The patter of hundreds of hoofs becomes louder and louder as anxious reindeer move slowly out of the forest ahead of herders, who are driving them toward a clearing.
Soon there is a mass of antlers and snorting snouts, trapped in a temporary corral of reindeer-hide rope. Several men holding coiled lassos step into the fray, seeking out the best animals to hitch to their wooden sleds.
The men take their time choosing, their careful eyes honing to the task in a tradition that has endured for over 500 years in this remote part of Russia's far north.
Before long, these men clad in their heavy reindeer parkas had hitched up teams of three deer to each sled, which they had hewn from trees.
Some women of this Nenets herding camp help pen the animals on this morning roundup. Others chop wood or clean up in front of the tepee-like dwellings known as chooms.
Stitched together from as many as 60 reindeer pelts, these dwellings can be taken down or assembled in less than an hour.
To an outsider, the scene resembles a 19th-century photograph of Sioux Indians on the American plains, except here the animals are reindeer rather than bison.
But to the Nenets, this is just another day in a lifestyle that has changed little over the centuries.
Apart from a few modern conveniences such as tea cups, radios, and even an occasional generator, about everything these nomads have is made by hand. Even the deer harnesses are hitched together by hardware fashioned from reindeer bone or ancient mammoth-tusk ivory.
Yet with remarkable ease these people are able to step to and from the outside world. Many have left for years at a time, such as when the young men leave for military service.
"I just returned a short time ago from Chechnya, where I had guard duty right in downtown Grozny," says one young man with a military-style haircut seated inside one of the chooms. "I'm sure glad to be back here now."
Like many Nenets, he prefers to give only a Russian name to outsiders, which he says is Oleg. An older man next to him said he'd served in East Germany during Soviet times.
No desire to leave
Asked whether what they had seen of the outside world might tempt them to leave the herding life behind, Oleg merely shrugged.
"This is our life, these are my people, I couldn't leave them," he says, sitting cross-legged.
Oleg's two-year stint in the army was not the first time he'd spent time away. Like all nomadic Nenets children, he had spent his school years in a boarding school in Yar Sale, the largest settlement in Russia's Yamal Peninsula. (Yamal in Nenets translates to "end of the earth," or "back of the beyond."
Each May, he and his peers would be flown by helicopter to join their parents in the north of the peninsula, where the reindeer spend the summer grazing on the lush Arctic grasses.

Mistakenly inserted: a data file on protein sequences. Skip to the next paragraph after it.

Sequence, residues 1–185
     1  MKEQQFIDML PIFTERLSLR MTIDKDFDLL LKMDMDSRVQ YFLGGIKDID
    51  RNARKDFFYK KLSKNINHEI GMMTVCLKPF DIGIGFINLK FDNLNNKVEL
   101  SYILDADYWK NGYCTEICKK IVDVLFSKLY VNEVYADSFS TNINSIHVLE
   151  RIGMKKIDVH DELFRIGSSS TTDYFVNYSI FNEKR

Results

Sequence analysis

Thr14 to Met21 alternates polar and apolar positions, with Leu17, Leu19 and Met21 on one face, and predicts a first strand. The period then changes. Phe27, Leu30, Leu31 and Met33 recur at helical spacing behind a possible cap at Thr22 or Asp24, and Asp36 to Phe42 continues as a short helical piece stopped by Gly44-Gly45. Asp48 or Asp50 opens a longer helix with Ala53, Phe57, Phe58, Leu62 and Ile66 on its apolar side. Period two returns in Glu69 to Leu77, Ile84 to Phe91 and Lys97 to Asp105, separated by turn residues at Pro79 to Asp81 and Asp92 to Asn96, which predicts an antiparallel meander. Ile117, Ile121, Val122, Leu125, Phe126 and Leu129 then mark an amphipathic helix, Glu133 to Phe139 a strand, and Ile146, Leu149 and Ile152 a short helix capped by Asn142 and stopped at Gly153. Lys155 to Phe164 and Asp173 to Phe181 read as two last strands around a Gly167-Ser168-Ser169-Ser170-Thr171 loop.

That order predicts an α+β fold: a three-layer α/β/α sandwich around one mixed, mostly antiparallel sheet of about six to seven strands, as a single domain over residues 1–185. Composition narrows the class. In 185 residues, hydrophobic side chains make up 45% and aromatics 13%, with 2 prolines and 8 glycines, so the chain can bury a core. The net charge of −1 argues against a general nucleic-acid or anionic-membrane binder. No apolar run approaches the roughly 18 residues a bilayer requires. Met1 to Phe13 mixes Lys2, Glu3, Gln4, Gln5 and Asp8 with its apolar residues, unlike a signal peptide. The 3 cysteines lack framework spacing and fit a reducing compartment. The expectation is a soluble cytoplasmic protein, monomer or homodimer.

Apart from the wooden reindeer sleds, helicopters are the only means of transport in the region. During summer the herders use lighter sleds, which can easily glide across the tundra.
Oleg would then fly back to school in August, just as his parents and older relatives would move the herds south to spend the winter in a different part of the tundra.
There, the reindeer - perfectly adapted to the harsh climactic conditions where the temperature can plummet to minus 50 degrees F. - dig below the snow to forage on tundra lichens.
Diet of fish, jam, reindeer meat
Some herds traverse over 1,000 miles during this annual migratory cycle. The people live entirely off the reindeer meat and fish they catch in lakes - save for the times they pass the few isolated settlements on the peninsula, when they stock up on supplies such as tea, jam, and bread.
Fruits and vegetables are almost never eaten, with nourishment coming mostly from blood from freshly butchered reindeer.
"It's sort of like milk, only it's red," says Valeria Nabivna, as she serves visitors raw reindeer meat.
While it is cold outside, inside the choom all is cozy courtesy of the metal stove whose pipe sticks out of the overhead smoke hole. Boards form the floor. At night everyone sleeps on thick parkas made of reindeer skins.
"We wouldn't have it any other way, we've always lived just with our deer," says head of the family, Anatoli Vanuito.
Mr. Vanuito is concerned about the ongoing oil and gas development in the Yamal by Russia's huge GAZPROM company.
The peninsula sits atop one of the world's largest natural-gas fields, and Gazprom has every intention of exploiting it (see story, right).
"In recent years there've been fewer fish, and the reindeer get sick more often now," he laments. "If there are no fish and the deer are sick, that's it for us. We have no other way to live."
An estimated 2,500 nomadic families live in the area. Many Nenets now live in regional villages and settlements, where they confront the same difficulties as people in the rest of Russia, such as how to adapt to a free-market system in remote areas where transportation costs alone have become prohibitive.
The subsidies of Soviet times are now a distant memory, although each family group still belongs to a particular state farm, from which they derive a small salary.
Although still officially obligated to turn over some of their reindeer meat each year to the farm, most herders now have small private herds of their own.
But they still find it difficult making the transition to capitalism, as the region's remoteness and ever-higher costs conspire against meat sales.
"We're not really businessmen," says Vanuito, "so it's hard to know where things will go next."
Yet if the outward trappings of their way of life are any indication, the Nenets long ago learned how to cope with the world around them, showing a remarkable cultural resilience some other native groups have lost.